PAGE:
1. Composition & 'quorum' requirement: Though the guidelines are clear on what should be an ideal composition of EC it is still not appropriate at majority of places. There is still a dilemma whether the Chairperson has to be from outside of the institution or not. Even where the composition is appropriate meeting of quorum requirements during each review is a challenge and often research projects are reviewed & approved in the absence of non-science member (lay person). All such EC approvals that do not comply with the regulatory requirements are invalid and inappropriate and could lead to regulatory consequences on a later date.
2. Written Procedures or Charter: Written procedure or charter of EC is required by all the guidelines. These are either not existing at all or does not include the required elements such as essential review documents, membership criteria, frequency of meetings, submission deadlines, circulation of review documents, review process, quorum requirements, voting process, expedited review process, version control, safety review process, criteria for ongoing/annual review, document tracking, storage, accessibility & archival etc. Often the written procedures are not provided to Investigator(s) or Sponsor(s) leading to a situation of ambiguity.
3. Frequency of meetings: There are no clear-cut guidelines on what should be a reasonable time frame for EC meetings. The arrangement is quite ad-hoc at majority of places leading to meeting taking place on need basis. While the EC in big governmental/ regional hospitals meet quite infrequently (4-6 times a year), the private hospital EC meets on as and when basis. In both the cases it is difficult to do justice with the review process as either the time for review is too short or the number of projects in a single review meeting is too large. The infrequent EC meetings at big governmental/ regional hospitals delays the overall project timelines which in turn prolongs the time to market a potentially beneficial drug for the man-kind. Most of these governmental/regional hospitals are really big and multi-specialty in nature leading to accumulation of a large number of research projects to be reviewed in a single EC meeting. Further, if EC proposes an amendment in any essential trial document it gets an opportunity to be reviewed only in the next meeting.
4. Scientific review vs ethical review: Some of the big research institutions/hospitals employs a two-tier review process where the research projects are first reviewed and approved by a Scientific Committee followed by review and approval by EC or vice-versa. This at times creates a lot of confusion and duplication of efforts without any perceived benefit. Members from both the committees can be combined to frame an EC for holistic review of trial projects.
5. Initial & ongoing training of EC members: Though EC member at majority of hospitals are highly competent & experienced professionals, however no initial or ongoing training is offered as a standard practice. The important training topics for EC members include training on:
*Drug Discovery & Clinical Trial Process
*ICH-GCP Guidelines
*Additional Guidelines on EC (Schedule Y, Indian GCP, ICMR, Declaration of Helsinki, WHO guidelines etc.)
*Written Procedure/ Charter of EC etc.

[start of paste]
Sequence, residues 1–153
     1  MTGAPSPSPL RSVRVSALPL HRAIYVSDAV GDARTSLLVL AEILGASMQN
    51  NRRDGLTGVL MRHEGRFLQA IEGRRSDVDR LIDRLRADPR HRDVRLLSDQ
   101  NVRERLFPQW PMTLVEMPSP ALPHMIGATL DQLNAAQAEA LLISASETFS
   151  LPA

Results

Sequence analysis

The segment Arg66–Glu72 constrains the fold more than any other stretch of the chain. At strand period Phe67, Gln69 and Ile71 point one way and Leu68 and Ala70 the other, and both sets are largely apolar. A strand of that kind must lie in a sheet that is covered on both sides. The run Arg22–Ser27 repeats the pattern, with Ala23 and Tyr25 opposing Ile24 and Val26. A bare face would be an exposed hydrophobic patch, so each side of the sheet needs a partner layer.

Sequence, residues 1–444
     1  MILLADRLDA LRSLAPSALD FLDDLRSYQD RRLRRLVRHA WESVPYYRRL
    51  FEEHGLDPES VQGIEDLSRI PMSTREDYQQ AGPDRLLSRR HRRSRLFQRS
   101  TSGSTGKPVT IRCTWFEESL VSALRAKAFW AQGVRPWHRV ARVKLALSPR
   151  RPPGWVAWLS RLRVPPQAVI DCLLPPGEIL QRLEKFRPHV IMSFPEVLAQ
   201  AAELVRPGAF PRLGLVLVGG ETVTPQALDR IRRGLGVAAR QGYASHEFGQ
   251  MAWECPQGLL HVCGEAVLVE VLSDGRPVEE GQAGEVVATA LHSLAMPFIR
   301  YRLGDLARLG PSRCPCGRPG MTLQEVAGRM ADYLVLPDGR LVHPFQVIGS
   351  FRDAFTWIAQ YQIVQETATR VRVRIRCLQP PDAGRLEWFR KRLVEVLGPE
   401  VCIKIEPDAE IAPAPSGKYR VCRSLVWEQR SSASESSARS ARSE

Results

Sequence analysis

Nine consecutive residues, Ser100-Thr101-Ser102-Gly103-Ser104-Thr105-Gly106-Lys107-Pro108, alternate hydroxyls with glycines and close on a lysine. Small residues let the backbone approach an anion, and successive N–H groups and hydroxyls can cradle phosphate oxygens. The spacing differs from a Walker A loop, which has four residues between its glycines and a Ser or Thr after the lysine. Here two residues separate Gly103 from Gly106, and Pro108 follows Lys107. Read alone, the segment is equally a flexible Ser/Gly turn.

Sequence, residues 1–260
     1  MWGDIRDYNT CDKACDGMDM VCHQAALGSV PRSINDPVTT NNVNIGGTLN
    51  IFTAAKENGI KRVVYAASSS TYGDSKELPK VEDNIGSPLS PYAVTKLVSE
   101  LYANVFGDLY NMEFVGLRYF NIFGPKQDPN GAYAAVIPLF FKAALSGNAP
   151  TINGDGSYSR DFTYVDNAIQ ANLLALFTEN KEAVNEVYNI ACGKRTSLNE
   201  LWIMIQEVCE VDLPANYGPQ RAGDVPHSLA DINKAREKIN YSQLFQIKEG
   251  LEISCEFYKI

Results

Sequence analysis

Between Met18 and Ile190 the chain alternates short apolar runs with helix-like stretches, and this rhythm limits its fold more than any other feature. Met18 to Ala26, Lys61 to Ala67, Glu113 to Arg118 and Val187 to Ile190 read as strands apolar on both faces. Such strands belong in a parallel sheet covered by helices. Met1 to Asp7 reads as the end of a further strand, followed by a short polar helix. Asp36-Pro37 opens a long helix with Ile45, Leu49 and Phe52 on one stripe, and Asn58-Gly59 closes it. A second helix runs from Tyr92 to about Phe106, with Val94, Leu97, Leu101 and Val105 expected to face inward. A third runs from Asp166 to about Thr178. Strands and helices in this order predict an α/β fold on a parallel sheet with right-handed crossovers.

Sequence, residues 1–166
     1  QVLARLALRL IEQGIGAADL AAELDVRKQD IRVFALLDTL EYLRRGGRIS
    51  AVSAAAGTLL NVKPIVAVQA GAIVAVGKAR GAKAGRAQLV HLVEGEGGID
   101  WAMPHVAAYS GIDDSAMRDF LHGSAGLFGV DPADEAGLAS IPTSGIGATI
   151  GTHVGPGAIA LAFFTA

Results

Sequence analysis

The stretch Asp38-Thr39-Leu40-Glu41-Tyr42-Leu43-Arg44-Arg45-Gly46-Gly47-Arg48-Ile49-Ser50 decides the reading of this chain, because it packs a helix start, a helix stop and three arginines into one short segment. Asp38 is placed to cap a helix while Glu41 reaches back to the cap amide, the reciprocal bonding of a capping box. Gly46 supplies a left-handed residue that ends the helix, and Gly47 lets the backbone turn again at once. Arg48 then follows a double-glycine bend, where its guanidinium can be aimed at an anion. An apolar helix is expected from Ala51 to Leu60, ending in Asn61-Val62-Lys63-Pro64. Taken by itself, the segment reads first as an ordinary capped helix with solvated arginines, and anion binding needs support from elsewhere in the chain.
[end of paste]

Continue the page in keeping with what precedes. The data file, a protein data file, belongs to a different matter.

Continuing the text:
Due to lack of training EC members themselves are not aware of regulatory guidelines and operational procedure/charter at times.
6. Document receipt, tracking, circulation, review, storage & archival: Although majority of hospitals & research institutions specifies the type and number of copies of essential documents to be submitted to them for review, there is no audit trail on their receipt, tracking, circulation, review, storage & archival. This in turn is raising issues on data privacy as well as data availability in a right fashion and at right time. Often it is difficult to link various documents submitted for a project at different times as they are rarely filed in a single file bearing a tracking number that connects it to a Master Tracking Log. Ideally each research project that comes for EC review should be assigned a tracking number and the same number should be used for all future communications. A Master Tracking Log should list all the tracking numbers along with the location of the respective file so that the project files can be located easily and all the documents pertaining to one project can be filed in the same file.
7. EC approval document: The approval document issued by EC for a particular project requires major amendments at majority of places. The same does not specifies the documents reviewed for a particular project along with the version number and date, issues raised during review process, list of EC members present/absent during the review process and the obligations of the Investigator as laid down by the EC following the approval of a research project.

Most of the issues raised above are absolutely mandatory for an EC to be really ethical. In this era of Evidence Based Medicine when more and more number of clinical studies are being conducted to establish the safety and efficacy of any new drug, a strong functioning and vigilance of EC is required to protect the rights & safety of study participants.

Apart from Sponsor(s) & Investigator(s), EC(s) constitute the third arm of the research triangle and it can make significant contribution for the ethical conduct of clinical trials. A number of organizations have come up in India that imparts training to EC members. Its time now that individual EC(s) takes this ownership and act to contribute towards ethical conduct of clinical trials in India.
(The author is director, clinical operations & QA, Catalyst Clinical Services Pvt. Ltd.)